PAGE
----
In addition, Lasker-Schüler scribbled the words “Drawn in 1935 in the hospital due to my injuries caused by the Nazis.” And yet, on the drawing itself, she wrote “in 1942” and by way of summary, also “1935-1942.” At the center of the drawing one can make out two human forms; a woman is sitting, her gaze case downwards, arms linked with another figure that is standing next to her. The woman in the drawing is apparently Lasker-Schüler herself, and indeed, the contours of the woman’s profile recall her other self-portraits. The second figure, apparently a man in Oriental dress including a head covering, is soothing the woman, whose body language powerfully suggests weariness and mourning.

Art experts believe that the drawing was created at least partially in the mid-1930s, but it is likely that Lasker-Schüler added details and the caption only later, apparently some time before 1942. In this work, the artist demonstrates all of her drawing ability: the composition conveys Lasker-Schüler’s desperate mood using simple lines and a refined technique. The five chalk colors and the basic tone of the paper were sufficient for the artist to draw one of her last works, characterized by a richness of artistic expression.

Letter of First German Ambassador, Rolf Pauls, to Chava Steinitz (Buber)

Some of the Israeli public opposed the establishment of relations

After the agreement to establish diplomatic relations between Israel and Germany, it was necessary for the decision to assume a practical form. The first Israeli ambassador to Germany was Asher Ben Natan (1921-2014), a native of Vienna, while Germany sent Rolf Pauls (1915-2002) to Israel. Some of the Israeli public opposed the establishment of relations and especially the appointment of Pauls due to his activities from 1933 through 1945. Pauls was already an officer in the Nazi Wehrmacht in 1934 and went on to fight in World War II, where he was gravely wounded, ultimately receiving the prestigious Knight’s Cross military honor. After the war, he began studying law, and later became part of the West German diplomatic corps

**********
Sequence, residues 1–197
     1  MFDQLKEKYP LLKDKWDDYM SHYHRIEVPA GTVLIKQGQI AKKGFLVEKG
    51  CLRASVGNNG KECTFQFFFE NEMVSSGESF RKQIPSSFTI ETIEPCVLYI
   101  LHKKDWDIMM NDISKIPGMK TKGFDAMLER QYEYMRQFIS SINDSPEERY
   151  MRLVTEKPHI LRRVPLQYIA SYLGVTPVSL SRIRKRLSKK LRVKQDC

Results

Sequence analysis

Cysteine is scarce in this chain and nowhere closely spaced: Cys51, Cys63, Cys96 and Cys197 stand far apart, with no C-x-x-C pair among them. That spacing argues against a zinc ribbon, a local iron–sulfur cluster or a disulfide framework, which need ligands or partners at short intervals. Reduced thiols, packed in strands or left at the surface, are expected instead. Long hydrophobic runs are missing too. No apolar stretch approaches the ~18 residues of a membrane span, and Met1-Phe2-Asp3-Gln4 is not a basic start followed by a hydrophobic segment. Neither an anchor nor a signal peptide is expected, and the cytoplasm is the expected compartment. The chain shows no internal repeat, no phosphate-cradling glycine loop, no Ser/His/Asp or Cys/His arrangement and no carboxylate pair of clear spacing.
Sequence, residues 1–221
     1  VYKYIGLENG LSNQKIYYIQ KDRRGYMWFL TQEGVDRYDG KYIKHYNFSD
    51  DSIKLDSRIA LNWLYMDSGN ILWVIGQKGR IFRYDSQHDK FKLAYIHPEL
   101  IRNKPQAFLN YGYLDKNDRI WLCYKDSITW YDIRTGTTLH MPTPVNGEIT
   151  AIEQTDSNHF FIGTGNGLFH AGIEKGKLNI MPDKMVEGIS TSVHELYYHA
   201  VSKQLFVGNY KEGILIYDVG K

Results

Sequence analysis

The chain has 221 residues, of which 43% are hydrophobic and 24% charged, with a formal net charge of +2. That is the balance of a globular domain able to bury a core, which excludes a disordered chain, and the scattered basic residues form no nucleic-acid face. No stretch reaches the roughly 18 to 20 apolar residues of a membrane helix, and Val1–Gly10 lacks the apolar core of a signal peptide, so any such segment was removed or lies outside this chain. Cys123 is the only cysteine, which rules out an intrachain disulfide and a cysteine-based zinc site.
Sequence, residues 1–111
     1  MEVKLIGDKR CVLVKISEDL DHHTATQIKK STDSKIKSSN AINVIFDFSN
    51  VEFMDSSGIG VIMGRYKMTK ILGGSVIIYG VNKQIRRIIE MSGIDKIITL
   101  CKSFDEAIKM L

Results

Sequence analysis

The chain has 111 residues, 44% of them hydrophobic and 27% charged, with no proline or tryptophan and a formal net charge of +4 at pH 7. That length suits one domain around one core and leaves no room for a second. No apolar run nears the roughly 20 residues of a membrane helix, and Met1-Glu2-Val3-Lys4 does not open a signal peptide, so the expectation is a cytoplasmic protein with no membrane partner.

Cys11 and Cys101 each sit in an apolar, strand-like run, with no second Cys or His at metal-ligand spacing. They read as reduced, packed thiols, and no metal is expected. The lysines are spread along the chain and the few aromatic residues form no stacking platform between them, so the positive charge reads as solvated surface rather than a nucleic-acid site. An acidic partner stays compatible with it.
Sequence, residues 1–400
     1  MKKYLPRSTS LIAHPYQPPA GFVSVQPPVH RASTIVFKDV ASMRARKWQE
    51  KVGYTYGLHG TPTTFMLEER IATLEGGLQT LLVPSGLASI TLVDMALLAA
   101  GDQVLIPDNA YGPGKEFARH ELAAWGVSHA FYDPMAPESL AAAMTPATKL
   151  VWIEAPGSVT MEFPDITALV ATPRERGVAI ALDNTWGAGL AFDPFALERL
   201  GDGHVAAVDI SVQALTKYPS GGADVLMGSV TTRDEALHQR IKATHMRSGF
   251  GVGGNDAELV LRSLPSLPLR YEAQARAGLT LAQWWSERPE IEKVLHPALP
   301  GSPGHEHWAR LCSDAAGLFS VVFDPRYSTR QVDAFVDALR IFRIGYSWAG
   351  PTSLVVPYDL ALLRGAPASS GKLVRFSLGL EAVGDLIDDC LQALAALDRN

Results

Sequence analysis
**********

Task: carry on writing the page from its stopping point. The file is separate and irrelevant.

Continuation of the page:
The Israeli press covered Pauls’ appointment and arrival, as well as his first activities as ambassador. The Davar newspaper, reporting about the West German diplomat’s first speech on the front page of its August 12, 1965 edition, quoted Pauls as saying, “I come with a single thought in mind: The Germans and the Jews are living with a horrific past that cannot be forgotten, that must not be forgotten, and that we are not forgetting. But I think that there is a future for the Jews and the Germans, and our generation must pave the way to a clear future of freedom, peace and justice together.” Pauls’ words clearly reflect that at the official level, Germany viewed the State of Israel first and foremost as the Jewish state, and approached every issue accordingly. During his three years as ambassador, Pauls tried to advance economic and cultural ties between the two countries. Throughout his tenure, he proved to be a skilled diplomat in the complex and charged role with which he was vested. He later served as the West German ambassador to the United States and China.